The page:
Scientists across the country, especially those in Itu and Geregu in Akwa Ibom and Kogi states respectively –  host communities for the proposed twin-reactor nuclear power plants in Nigeria, are currently calling on the Federal Government to rescind the project and save the country from holocaust associated with nuclear disaster. CHIJIOKE IREMEKA reports that Russian-State-Owned Rosatom which signed the contract with Nigeria, is ready to take off without Environmental Impact Assessment (EIA)

 

 

“N

igeria does not have the capacity to manage a nuclear reactor crisis should anything go wrong. No country can guarantee that, not even the Russia; evidence have shown,” says Prof. Philip Njemanze, a Principal Investigator, NASA Johnson Space Center Neurolab, US.

Njemanze, the Medical Director, Chidicon Medical Centre, Owerri, Imo State, is reacting to the moves made by Nigerian government, which signed an agreement with Russian-State-owned Rosatom on October 8, 2017, to build nuclear power plants in the country to help its electricity crisis.

 

 

These moves, which were allegedly made without Environmental Impact Assessment (EIA) and the consent of the host communities, Itu, Akwa Ibom State and Geregu, Kogi State, where the proposed nuclear power plants will be built, had met with stiff opposition by both the communities and experts across the country due to its known catastrophic disposition.

Njemanze like other experts, including environmentalists, are calling for its abrogation, saying the project is capable of wiping out the entire human inhabitation of those states and other African countries should there be a nuclear plant accident as in the case of Chernobyl.

 

 

They intensified their calls following the latest Nuclear Plant Explosion in Russia, the prototype for Nigeria, which snuffed out lives from five Russian scientists, who were servicing the plant at the time of the incident and left three others with severe burn.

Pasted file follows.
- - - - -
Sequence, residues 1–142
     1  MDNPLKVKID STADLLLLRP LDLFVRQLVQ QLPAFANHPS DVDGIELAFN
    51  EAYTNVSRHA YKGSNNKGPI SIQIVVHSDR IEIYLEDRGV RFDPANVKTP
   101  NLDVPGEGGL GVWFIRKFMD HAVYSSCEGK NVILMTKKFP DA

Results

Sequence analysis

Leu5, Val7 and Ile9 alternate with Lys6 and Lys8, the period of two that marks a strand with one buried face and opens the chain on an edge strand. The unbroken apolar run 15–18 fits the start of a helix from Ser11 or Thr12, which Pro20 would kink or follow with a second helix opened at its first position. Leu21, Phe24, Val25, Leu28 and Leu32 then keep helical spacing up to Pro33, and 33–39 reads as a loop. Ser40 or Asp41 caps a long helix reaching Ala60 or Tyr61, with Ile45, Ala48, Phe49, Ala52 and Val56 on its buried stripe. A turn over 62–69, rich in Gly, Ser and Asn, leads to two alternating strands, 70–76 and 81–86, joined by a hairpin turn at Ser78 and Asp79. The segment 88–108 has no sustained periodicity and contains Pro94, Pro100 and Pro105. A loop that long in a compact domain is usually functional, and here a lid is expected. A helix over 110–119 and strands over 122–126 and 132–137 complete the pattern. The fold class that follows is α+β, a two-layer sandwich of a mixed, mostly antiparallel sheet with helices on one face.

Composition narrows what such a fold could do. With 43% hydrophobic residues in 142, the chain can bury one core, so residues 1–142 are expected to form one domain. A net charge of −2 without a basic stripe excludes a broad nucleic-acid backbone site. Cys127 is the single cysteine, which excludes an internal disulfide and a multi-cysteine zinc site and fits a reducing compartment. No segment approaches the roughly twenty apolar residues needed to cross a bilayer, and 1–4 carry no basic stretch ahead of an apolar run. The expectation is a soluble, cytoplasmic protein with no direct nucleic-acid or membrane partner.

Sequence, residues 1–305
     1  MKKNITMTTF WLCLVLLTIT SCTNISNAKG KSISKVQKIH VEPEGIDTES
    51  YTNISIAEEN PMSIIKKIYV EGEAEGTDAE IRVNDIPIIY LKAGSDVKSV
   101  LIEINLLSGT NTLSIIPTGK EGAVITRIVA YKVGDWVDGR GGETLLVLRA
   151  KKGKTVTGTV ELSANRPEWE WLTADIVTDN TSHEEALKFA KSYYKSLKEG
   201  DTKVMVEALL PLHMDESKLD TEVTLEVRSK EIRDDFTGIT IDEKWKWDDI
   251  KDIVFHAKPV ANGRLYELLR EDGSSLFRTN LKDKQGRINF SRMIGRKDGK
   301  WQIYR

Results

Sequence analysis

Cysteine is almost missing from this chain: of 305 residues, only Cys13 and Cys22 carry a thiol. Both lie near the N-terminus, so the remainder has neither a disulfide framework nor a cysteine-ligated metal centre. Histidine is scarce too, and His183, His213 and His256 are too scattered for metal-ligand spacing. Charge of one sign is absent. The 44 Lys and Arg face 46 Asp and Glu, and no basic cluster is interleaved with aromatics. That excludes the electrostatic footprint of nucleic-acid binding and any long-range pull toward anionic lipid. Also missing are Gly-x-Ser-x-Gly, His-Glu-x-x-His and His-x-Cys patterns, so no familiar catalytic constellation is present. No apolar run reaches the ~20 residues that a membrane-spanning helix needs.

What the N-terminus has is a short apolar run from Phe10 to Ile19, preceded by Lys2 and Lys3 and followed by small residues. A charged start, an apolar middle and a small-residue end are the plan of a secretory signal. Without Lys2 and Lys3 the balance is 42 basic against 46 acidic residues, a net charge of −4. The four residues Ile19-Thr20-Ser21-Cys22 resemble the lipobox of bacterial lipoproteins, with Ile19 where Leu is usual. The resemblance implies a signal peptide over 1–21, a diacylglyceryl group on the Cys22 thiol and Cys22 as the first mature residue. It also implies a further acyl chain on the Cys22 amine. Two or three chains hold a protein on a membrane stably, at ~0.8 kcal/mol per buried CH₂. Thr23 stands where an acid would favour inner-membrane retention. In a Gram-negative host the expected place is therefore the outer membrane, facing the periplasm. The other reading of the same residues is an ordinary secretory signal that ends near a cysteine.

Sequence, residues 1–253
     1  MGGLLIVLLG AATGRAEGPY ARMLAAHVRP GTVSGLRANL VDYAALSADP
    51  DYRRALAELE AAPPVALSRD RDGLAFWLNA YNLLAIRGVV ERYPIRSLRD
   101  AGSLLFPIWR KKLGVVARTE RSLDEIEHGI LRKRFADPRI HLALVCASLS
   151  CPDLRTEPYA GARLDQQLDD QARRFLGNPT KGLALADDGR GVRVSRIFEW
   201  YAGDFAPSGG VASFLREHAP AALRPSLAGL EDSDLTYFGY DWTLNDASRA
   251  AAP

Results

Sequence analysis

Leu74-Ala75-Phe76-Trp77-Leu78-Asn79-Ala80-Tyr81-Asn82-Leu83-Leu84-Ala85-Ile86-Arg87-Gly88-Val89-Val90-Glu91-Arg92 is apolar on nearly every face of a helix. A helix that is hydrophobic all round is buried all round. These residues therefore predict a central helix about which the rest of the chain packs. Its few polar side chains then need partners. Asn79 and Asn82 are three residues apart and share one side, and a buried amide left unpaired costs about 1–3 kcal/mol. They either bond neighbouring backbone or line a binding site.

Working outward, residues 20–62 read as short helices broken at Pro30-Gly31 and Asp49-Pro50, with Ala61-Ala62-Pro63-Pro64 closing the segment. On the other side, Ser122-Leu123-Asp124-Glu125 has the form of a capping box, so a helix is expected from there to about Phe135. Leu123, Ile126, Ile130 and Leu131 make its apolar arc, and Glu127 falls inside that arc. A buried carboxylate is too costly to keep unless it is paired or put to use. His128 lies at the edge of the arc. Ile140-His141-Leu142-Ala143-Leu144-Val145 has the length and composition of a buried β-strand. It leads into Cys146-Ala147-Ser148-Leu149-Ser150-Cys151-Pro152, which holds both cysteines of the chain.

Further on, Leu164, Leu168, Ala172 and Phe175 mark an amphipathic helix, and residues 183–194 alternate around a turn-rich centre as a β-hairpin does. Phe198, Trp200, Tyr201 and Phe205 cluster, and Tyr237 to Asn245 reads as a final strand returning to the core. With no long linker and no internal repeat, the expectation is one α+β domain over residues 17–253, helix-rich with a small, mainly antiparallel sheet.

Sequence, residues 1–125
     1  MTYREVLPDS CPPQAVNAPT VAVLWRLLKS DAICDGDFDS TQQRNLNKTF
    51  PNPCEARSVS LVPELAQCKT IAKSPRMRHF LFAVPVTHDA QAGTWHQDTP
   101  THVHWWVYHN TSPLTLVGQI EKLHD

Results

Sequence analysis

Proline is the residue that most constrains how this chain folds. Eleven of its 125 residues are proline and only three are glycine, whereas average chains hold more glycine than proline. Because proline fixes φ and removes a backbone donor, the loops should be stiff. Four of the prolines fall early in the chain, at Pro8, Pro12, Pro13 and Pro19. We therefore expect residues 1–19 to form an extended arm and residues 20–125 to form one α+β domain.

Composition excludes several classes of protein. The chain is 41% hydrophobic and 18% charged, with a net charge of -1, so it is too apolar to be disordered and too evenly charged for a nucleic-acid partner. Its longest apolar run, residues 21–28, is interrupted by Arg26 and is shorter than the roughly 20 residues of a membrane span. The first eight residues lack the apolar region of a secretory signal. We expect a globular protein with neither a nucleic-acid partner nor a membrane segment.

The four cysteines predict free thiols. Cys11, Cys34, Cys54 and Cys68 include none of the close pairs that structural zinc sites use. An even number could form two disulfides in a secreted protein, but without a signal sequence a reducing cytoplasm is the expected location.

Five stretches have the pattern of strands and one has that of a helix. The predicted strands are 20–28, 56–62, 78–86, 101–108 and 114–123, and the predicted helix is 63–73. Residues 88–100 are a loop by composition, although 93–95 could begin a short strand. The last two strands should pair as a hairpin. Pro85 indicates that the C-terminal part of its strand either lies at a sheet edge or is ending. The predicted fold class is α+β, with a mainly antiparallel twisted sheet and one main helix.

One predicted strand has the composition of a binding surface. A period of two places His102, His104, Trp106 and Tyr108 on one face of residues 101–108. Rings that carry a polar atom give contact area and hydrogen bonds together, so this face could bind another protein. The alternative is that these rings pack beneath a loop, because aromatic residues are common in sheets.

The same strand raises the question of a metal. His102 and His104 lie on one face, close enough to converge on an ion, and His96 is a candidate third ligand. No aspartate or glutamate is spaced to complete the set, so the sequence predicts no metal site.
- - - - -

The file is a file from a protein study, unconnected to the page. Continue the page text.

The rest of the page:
Njemanze insists that no country has the capacity of guaranteeing safety of the nuclear reactor accident, stating that the Russians who supposed to do the job had had a blow of nuclear reactor crisis including Japan, the nuclear power plant authority.

 

 

He maintained that the agreement, which is expected to permit Russia to construct and operate the nuclear power plants in Itu and Geregu, is as good as giving death warrants to all Nigerians due to its associated hazard.

According to the Memorandum of Understanding (MoU), the project will be financed by Rosatom, under build, own, operate and transfer (BOT) basis and then transfer the cost to Nigeria to pay back.

It is estimated at about $20 billion, each of the four reactors, while four of them amount to $80 billion which Nigeria will pay back, implying that the country will continue to service the debt (loan) for the next generation, if Nigeria goes on with the project.

 

 

By the way, a nuclear power plant is a thermal power station in which the heat source is a nuclear reactor. As is typical of thermal power stations, heat is used to generate steam that drives a steam turbine connected to a generator that produces electricity.